Clare on Claymore 1 tankōbon cover
|Genre||Dark fantasy, action, drama|
|Written by||Norihiro Yagi|
|Magazine||Monthly Shōnen Jump (former)
Weekly Shōnen Jump (former)
|Original run||May 2001 – October 4, 2014|
|Anime television series|
|Directed by||Hiroyuki Tanaka|
|Written by||Yasuko Kobayashi|
|Music by||Masanori Takumi|
|Original run||3 April 2007 – 25 September 2007|
|Claymore: Gingan no Majo|
|Developer||Digital Works Entertainment|
|Released||28 May 2009|
Claymore (クレイモア Kureimoa?) is a dark fantasy manga series written and illustrated by Norihiro Yagi. The series initially premiered in the now defunct Monthly Shōnen Jump in the May 2001 issue. When the magazine was canceled in June 2007, the series was temporarily moved to Weekly Shōnen Jump where it was still published monthly. When Jump Square was introduced in November 2007, the series was moved to it. The individual chapters are published in tankōbon volumes by Shueisha, with 26 volumes released as of June 2014.
Madhouse adapted the first eleven volumes of the series into a twenty-six episode anime series. Directed by Hiroyuki Tanaka the series premiered in Japan on NTV on April 3, 2007 and ran until September 25, 2007. A CD soundtrack for the anime series, and a CD of character songs using the anime voice actresses were released on July 25, 2007 and September 27, 2007, respectively.
The Claymore manga is licensed for an English language release in North America by Viz Media. It released the first volume of the series on April 4, 2006 and has released 26 volumes as of June 4, 2014. The anime adaptation is licensed for release in North America by Funimation Entertainment, which has released the first DVD for the series in Fall 2008 and released the entire series on Blu-ray in Spring 2010. Madman Entertainment has licensed the anime for release in Australia and New Zealand and the anime is sub-licenced by Manga Entertainment for UK distribution.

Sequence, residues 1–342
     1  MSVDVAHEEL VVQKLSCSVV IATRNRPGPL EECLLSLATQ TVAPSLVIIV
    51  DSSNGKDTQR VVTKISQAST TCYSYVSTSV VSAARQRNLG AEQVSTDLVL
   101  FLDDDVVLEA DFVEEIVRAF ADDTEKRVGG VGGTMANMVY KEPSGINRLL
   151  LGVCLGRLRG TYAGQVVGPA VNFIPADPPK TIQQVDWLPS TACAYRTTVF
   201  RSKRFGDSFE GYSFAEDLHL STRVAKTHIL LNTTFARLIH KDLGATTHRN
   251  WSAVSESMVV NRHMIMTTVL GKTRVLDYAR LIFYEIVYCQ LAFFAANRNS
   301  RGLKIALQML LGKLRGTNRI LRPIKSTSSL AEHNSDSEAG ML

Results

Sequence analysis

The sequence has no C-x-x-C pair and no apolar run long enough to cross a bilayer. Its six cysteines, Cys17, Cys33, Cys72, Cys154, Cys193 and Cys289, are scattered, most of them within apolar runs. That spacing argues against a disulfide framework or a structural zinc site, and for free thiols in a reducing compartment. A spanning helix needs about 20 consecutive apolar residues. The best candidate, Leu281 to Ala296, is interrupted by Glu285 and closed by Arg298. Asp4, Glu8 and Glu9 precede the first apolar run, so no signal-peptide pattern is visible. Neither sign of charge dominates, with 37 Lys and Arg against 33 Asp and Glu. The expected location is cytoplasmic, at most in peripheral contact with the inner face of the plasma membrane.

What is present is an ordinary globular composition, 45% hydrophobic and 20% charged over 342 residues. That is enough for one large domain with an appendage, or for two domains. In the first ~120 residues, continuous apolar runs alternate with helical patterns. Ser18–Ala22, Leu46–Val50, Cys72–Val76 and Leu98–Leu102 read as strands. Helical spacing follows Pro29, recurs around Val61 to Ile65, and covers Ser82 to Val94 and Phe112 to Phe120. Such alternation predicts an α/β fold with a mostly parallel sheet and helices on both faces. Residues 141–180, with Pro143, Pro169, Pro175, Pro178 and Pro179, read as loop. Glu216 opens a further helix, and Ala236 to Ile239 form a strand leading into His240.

Series is set on a fictional medieval island where humans are plagued by Yoma (妖魔), humanoid shape-shifters that feed on humans. A mysterious group, known as The Organization, creates human-Yoma hybrids to kill Yoma for a fee. These female warriors wear armored uniforms. The public refer to them as "Claymores," alluding to their Claymore swords, or "Silver-eyed Witches," due to their silver eyes.
Yoma and Claymore warriors alike are powered by a demonic energy, Yoki, which allows shape-shifting and extreme strength. When warriors use too much Yoki, they "awaken," becoming a super-Yoma called an Awakened Being. The act of awakening is likened to the feeling of sexual climax, so while both male and female warriors existed in the past only the women proved to be successful warriors and so the creation of male Claymores stopped altogether.
The island world is divided into 47 districts, with one warrior assigned to each. Claymore warriors No. 1 through 47 are ranked on their baseline Yoki potential, strength, agility, intelligence, sensing and leadership. A warrior's rank rises and falls according to the warrior's strength in relation to other warriors. It is unclear whether the warriors strength comes from training/experience or if the potential lies within the warriors themselves.